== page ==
Baghdad: With the Islamic State group's "caliphate" seemingly nearing its downfall in Iraq, the country's security agencies are preparing for a different fight against the militants, shifting away from ground offensives to a focus on intelligence work, surgical airstrikes and a higher level of cooperation with the West.
The new strategy is designed to counter an expected move by the Islamic State group away from holding territory and back to a more classic role as a dispersed, underground terror organisation after it loses Mosul, its last major urban center in Iraq.
Already, the militants are laying the groundwork for a strategy of hiding in remote areas, carrying out attacks in Iraq and abroad and resorting to organised crime to bankroll operations, intelligence and counter terrorism officials said.
The immediate priority for Iraqi officials is to limit the number of militants who escape Mosul to go into hiding, they said.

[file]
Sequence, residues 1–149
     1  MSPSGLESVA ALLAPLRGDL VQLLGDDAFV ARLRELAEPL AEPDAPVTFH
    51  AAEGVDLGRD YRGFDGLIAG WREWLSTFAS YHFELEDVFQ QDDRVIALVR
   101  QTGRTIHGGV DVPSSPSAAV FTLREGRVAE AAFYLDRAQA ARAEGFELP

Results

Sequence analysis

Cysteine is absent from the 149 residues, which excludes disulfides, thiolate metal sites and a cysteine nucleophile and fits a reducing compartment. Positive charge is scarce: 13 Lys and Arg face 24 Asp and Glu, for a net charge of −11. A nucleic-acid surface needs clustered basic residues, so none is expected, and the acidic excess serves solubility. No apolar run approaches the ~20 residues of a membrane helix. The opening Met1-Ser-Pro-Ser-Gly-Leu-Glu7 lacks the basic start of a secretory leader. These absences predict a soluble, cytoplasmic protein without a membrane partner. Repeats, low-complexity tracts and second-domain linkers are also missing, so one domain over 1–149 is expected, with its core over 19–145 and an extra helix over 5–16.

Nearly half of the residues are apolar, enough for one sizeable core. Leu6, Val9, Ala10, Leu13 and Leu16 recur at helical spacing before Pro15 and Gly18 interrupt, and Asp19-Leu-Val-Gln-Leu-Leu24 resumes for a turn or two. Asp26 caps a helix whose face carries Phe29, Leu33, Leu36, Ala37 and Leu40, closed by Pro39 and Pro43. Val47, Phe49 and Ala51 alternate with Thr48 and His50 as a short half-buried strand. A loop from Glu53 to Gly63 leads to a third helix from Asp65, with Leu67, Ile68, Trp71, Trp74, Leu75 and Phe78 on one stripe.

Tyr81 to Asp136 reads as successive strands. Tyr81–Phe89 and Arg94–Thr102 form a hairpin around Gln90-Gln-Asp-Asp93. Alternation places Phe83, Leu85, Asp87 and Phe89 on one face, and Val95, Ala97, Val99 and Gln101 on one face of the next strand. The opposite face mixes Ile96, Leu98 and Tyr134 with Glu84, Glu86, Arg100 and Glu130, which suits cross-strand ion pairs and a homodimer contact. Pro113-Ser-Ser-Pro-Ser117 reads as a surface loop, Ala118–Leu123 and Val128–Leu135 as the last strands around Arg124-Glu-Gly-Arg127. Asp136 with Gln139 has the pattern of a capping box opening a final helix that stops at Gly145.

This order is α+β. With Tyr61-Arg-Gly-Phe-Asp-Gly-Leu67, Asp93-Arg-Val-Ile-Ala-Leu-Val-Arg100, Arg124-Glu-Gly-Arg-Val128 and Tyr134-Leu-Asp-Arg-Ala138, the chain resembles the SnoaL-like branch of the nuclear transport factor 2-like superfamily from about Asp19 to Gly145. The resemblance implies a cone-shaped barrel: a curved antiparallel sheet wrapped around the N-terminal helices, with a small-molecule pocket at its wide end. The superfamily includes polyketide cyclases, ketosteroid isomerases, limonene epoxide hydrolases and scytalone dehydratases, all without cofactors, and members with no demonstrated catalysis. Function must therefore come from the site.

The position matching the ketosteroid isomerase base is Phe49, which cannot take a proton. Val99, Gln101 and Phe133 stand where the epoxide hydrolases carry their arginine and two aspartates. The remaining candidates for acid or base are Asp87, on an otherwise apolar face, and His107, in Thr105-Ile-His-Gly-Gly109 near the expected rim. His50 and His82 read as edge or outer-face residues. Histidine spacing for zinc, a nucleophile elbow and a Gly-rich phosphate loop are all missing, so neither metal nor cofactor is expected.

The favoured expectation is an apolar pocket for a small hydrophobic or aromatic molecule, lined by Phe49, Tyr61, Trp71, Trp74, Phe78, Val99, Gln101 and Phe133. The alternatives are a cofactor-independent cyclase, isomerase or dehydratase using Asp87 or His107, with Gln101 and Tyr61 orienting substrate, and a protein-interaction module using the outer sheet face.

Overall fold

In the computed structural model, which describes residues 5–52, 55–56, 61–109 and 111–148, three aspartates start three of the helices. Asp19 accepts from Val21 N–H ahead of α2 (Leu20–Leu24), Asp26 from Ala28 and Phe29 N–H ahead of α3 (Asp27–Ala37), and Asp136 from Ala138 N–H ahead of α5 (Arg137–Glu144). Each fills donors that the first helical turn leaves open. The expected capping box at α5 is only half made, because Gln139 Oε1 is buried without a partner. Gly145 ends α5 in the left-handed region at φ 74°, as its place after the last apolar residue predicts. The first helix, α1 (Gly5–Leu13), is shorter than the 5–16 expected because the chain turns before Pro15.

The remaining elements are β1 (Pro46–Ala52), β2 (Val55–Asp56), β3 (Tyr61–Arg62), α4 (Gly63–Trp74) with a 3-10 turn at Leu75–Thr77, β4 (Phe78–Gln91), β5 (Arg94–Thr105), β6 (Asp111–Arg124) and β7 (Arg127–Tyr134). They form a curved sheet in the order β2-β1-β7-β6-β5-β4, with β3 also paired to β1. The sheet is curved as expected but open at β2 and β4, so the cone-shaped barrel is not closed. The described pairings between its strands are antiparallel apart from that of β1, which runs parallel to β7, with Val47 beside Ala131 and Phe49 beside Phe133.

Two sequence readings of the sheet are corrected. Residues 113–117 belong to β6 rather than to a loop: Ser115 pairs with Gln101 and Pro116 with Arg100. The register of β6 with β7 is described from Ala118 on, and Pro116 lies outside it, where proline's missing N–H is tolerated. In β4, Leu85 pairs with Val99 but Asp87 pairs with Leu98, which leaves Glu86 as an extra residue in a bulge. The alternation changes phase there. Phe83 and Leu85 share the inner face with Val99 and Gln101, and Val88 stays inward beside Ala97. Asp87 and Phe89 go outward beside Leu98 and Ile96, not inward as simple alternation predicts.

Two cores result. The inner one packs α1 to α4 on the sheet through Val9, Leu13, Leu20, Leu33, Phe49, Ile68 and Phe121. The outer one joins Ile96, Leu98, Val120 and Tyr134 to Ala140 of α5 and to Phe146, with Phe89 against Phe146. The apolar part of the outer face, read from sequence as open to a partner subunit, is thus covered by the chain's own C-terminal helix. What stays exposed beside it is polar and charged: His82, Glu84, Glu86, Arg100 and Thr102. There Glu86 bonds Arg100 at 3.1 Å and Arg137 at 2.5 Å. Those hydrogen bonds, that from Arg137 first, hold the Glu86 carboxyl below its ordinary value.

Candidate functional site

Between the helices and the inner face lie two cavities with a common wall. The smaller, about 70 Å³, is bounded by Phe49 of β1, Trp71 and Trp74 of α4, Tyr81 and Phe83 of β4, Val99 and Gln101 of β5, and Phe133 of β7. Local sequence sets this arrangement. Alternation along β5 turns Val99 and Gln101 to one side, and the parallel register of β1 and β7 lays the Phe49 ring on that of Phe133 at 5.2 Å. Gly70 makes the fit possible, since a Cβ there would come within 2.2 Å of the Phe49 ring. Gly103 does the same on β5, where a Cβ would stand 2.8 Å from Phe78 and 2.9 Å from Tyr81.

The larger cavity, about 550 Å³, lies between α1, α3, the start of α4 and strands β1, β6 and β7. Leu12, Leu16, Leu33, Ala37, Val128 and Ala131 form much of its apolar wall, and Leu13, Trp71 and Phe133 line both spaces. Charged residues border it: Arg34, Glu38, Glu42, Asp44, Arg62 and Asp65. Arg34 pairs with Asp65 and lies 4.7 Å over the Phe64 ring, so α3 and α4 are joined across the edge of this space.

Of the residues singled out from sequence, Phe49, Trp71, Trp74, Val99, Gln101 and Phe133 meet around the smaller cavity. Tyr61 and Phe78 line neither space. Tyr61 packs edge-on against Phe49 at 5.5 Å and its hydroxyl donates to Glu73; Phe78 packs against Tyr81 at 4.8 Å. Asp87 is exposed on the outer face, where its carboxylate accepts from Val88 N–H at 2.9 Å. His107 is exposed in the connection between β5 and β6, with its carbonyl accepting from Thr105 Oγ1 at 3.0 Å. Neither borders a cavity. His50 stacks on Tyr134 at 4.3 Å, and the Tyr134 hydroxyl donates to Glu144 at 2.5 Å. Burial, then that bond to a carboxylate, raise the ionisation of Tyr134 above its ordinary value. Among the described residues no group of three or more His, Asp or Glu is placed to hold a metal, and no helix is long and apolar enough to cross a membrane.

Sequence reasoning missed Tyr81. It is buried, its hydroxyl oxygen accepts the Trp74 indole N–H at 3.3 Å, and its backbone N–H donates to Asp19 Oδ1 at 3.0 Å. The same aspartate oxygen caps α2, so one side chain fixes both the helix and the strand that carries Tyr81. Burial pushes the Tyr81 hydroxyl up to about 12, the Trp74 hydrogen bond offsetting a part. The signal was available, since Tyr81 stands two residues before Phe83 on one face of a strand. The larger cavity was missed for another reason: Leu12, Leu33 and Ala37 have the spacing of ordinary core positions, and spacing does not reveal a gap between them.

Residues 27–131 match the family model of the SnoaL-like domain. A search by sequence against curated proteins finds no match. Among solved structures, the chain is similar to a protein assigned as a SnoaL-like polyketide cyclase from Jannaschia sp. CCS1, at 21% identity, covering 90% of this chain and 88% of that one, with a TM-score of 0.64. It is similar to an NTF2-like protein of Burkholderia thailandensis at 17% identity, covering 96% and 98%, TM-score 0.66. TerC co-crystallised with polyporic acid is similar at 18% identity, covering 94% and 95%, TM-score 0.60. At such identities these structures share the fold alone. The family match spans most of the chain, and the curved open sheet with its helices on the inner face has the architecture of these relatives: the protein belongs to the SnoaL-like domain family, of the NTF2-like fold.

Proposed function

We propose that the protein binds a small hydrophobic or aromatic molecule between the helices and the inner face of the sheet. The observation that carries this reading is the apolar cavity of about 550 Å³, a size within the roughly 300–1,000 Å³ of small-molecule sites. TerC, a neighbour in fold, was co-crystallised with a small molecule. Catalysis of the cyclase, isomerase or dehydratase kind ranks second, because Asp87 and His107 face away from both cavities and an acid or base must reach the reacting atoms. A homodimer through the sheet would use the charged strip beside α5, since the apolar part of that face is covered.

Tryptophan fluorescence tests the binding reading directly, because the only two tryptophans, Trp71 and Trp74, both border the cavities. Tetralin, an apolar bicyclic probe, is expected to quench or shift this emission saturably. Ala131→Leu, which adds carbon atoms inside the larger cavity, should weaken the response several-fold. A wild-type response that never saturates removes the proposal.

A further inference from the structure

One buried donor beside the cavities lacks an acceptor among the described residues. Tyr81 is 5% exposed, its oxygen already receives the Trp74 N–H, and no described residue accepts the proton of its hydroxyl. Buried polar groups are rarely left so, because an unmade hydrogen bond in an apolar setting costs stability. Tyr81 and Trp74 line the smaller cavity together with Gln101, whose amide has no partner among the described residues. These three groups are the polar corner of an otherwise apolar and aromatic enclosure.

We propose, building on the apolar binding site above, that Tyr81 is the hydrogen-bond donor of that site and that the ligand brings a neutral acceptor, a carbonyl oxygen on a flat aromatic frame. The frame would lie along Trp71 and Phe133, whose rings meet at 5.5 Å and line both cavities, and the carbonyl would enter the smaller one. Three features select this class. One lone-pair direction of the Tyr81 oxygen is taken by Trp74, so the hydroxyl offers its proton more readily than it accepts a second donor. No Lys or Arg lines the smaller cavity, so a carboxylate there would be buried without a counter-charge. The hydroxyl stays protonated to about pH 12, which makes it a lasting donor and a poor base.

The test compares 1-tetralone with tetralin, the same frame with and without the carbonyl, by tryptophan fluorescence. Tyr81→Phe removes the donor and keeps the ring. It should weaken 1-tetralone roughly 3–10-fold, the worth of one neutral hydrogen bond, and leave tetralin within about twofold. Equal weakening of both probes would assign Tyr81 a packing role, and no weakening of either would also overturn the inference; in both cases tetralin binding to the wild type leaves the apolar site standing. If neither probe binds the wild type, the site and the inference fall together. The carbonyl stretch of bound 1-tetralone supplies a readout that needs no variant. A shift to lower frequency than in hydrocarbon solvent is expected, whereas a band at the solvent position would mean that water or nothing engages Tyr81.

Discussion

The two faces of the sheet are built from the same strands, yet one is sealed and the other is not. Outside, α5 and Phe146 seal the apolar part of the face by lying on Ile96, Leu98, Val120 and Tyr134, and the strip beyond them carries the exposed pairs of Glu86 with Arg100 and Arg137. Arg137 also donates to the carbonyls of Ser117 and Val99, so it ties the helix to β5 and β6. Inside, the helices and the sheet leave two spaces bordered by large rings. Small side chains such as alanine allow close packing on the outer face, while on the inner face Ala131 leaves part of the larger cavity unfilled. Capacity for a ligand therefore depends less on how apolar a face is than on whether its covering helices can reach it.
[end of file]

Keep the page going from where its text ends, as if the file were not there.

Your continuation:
Longer term, they said, the fight against post-Mosul IS can only succeed if the border with Syria is secured and the Shiite-led government in Baghdad addresses longtime grievances by Iraq's Sunni Arab minority that fueled support for the militants.
Six officials four from intelligence agencies and two from the Interior Ministry's counterterrorism agency described the planning in interviews with The Associated Press.
They spoke on condition of anonymity to discuss the agencies' preparations.
"Tough days await our intelligence and security agencies when they start fighting a different Islamic State," predicted Hisham al-Hashimi, an Iraqi security analyst.
US Defense Secretary Ash Carter said last weekend that US and international forces will need to keep a presence in Iraq even after IS's fall "to make sure that, once defeated, ISIL stays defeated."
"We'll need to continue to counter foreign fighters trying to escape and ISIL's attempts to relocate or reinvent itself," he said, using an alternative acronym for the Islamic State group.
Updated Date: Dec 09, 2016 14:51:04 IST